Related Shows View Comments Eclipsed Show Closed This production ended its run on June 19, 2016 Oscar winner Lupita Nyong’o will headline the New York premiere of Eclipsed. Directed by Liesl Tommy and penned by Danai Gurira, the production, which has just been added to the Public Theater’s 2015-16 season, will begin off-Broadway previews on September 29. Opening night is set for October 14 at the Public’s LuEsther Theater.Nyong’o will play The Girl. An Oscar winner for her feature debut in 12 Years a Slave, she will next be seen in J.J. Abrams’ Star Wars: The Force Awakens. She additionally just wrapped production in Uganda on Mira Nair’s The Queen of Katwe opposite David Oyelowo, and lends her voice to Jon Favreau’s upcoming Jungle Book. A graduate of the Yale School of Drama’s acting program, Nyongo’s stage credits include The Winter’s Tale, Uncle Vanya, The Taming of the Shrew and Elijah.Amid the chaos of the Liberian Civil War, the captive wives of a rebel officer band together to form a fragile community—until the balance of their lives is upset by the arrival of a new girl. Drawing on reserves of wit and compassion, Eclipsed reveals distinct women who must discover their own means of survival in this deeply felt portrait of women finding and testing their own strength in a hostile world of horrors not of their own making.The limited engagement will run through November 8.
More good news for Lin-Manuel Miranda, the creator and star of gargantuan Broadway hit Hamilton. The MacArthur Foundation has bestowed a “genius” grant on the Tony winner, who along with puppetry artist Basil Twist, set designer Mimi Lien, and 21 other exceptionally creative Fellows, will receive a no-strings-attached $625,000 grant.The honor is for “their cutting-edge work that is transforming their fields” and Miranda is credited with “bringing the traditional Broadway musical into the 21st century with modern musical styles that reflect the diversity of contemporary America.”Twist’s credits include Symphonie Fantastique and Rite of Spring off-Broadway. A puppetry artist and director, he is honored for “revitalizing puppetry as a serious and sophisticated art form with his bold and imaginative experiments with materials and puppetry techniques.”Lien’s credits include off-Broadway’s An Octoroon, Natasha, Pierre, and the Great Comet of 1812 and The Whale. Her “bold designs play an integral role in translating a text’s narrative and emotional dynamics onto the stage.”Congratulations from us all here at Broadway.com to the winners! Drinks on you?! View Comments Star Files Lin-Manuel Miranda Hamilton Related Shows from $149.00
View Comments Jeff Wayne’s musical version of The War of the Worlds is bound for the West End. Directed by Bob Tomson, the show, which will feature a 3D Liam Neeson, is scheduled to play a limited season at London’s Dominion Theatre from February 8, 2016. Opening night is set for February 17.Based on the classic science fiction story by HG Wells, the production is adapted by Doreen Wayne, with music by Jeff Wayne, along with lyrics by Gary Osborne, Paul Vigrass and Jeff Wayne.Since its inception in 1978, Jeff Wayne’s original double album has sold over 15 million copies. The iconic score will be played live and conducted on stage by Jeff Wayne himself, and the show is set to include new music, star cast, and a full supporting company of performers—as well as video walls, the iconic Martian Fighting Machine, special effects and in 3D holography Neeson as The JournalistWells’ novel, first published in 1898, was the prototype for all science fiction. An international phenom, The War of the Worlds describes the invasion of Earth by ruthless Martians with superior intelligence, incredible machines and devastating weaponry. An invading alien race bent on conquering humanity.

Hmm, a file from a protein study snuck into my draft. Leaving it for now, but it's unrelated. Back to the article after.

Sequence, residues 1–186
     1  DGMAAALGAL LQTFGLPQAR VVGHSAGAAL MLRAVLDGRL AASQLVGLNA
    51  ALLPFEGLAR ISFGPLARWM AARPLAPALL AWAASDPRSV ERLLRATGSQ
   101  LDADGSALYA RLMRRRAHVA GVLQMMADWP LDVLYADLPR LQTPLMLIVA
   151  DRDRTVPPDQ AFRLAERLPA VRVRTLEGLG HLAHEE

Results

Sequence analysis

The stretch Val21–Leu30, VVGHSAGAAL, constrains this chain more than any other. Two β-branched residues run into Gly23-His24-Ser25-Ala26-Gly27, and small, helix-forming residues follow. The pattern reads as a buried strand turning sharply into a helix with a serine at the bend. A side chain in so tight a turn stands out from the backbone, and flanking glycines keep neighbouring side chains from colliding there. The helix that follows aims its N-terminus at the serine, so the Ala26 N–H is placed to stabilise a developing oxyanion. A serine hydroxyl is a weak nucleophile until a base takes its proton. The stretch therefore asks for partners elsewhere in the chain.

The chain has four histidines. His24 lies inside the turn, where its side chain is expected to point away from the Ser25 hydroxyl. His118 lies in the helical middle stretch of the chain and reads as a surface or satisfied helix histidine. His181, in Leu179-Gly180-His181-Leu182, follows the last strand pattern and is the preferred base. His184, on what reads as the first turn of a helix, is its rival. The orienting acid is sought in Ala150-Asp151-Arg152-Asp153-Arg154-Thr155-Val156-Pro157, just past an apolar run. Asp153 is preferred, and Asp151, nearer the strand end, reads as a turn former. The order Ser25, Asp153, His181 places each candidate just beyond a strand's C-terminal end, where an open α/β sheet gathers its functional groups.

Photos: Matthew Murphy | Styling: David Withrow (women wearing Byron Lars Beauty Mark; men wearing Kye Denim and DL1961) | Hair & Makeup: Alex Michaels | Styling Assistant: Ginna Le Vine | Production Assistant: Eric Tronolone | Shot at Chemistry Creative The ensemble stars of ‘Hamilton'(Photos: Matthew Murphy) There isn’t a Tony Award for Best Musical Ensemble, but if there were, Hamilton would have nabbed 17 landmark nods this year. Carleigh Bettiol, Ariana DeBose, Sasha Hutchings, Morgan Marcell, Thayne Jasperson, Emmy Raver-Lampman, Jon Rua, Seth Stewart, Austin Smith, Ephraim Sykes and Voltaire Wade-Greene are the young, scrappy and hungry movers giving the Main Stem some major street cred in the cultural phenomenon. Photographer Matthew Murphy glammed them up and captured them on the move; like mastermind Lin-Manuel Miranda and his historical muse, these pivotal players are non-stop. Check out Broadway.com’s hang sesh with the dope ensemble.VIEW THE PHOTO GALLERY View Comments
View Comments ‘1984’ The critically acclaimed production of 1984 will close at the West End’s Playhouse Theatre on October 29. Directed by Robert Icke and Duncan Macmillan with Daniel Raggett, the play returned to the venue on June 14 this year.Adapted by Icke and Macmillan, George Orwell’s canonical work is re-examined in a radical, award-winning adaptation exploring surveillance, identity and why Orwell’s vision of the future is as relevant now as ever. This dynamic, innovative production connects Orwell’s bleak vision of the future with the present day, drawing striking parallels to our own uncertain political landscape.The cast includes Rudi Dharmalingam, Rosie Ede, Andrew Gower, Joshua Higgott, Hilton McRae, Anthony O’Donnell, Daniel Rabin and Catrin Stewart, alongside Eve Benioff Salama, Cleopatra Dickens, Amber Fernee and India Fowler.